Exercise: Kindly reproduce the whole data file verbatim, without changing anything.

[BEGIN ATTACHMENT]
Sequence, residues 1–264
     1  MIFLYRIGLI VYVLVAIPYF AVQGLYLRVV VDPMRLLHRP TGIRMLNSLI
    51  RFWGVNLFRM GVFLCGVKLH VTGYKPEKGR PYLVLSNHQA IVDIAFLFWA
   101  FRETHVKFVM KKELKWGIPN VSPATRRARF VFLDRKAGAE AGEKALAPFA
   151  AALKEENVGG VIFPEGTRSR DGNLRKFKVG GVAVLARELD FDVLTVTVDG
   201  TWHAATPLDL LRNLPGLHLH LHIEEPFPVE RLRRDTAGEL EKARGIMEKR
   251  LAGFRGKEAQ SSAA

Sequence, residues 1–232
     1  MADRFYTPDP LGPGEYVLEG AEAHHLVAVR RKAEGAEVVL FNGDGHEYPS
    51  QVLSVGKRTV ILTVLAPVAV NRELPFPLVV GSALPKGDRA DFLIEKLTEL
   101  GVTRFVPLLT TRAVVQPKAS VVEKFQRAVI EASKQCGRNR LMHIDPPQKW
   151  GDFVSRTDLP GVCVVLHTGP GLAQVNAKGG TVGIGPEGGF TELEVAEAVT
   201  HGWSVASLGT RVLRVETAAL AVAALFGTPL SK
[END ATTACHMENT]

Sequence, residues 1–264
     1  MIFLYRIGLI VYVLVAIPYF AVQGLYLRVV VDPMRLLHRP TGIRMLNSLI
    51  RFWGVNLFRM GVFLCGVKLH VTGYKPEKGR PYLVLSNHQA IVDIAFLFWA
   101  FRETHVKFVM KKELKWGIPN VSPATRRARF VFLDRKAGAE AGEKALAPFA
   151  AALKEENVGG VIFPEGTRSR DGNLRKFKVG GVAVLARELD FDVLTVTVDG
   201  TWHAATPLDL LRNLPGLHLH LHIEEPFPVE RLRRDTAGEL EKARGIMEKR
   251  LAGFRGKEAQ SSAA

Sequence, residues 1–232
     1  MADRFYTPDP LGPGEYVLEG AEAHHLVAVR RKAEGAEVVL FNGDGHEYPS
    51  QVLSVGKRTV ILTVLAPVAV NRELPFPLVV GSALPKGDRA DFLIEKLTEL
   101  GVTRFVPLLT TRAVVQPKAS VVEKFQRAVI EASKQCGRNR LMHIDPPQKW
   151  GDFVSRTDLP GVCVVLHTGP GLAQVNAKGG TVGIGPEGGF TELEVAEAVT
   201  HGWSVASLGT RVLRVETAAL AVAALFGTPL SK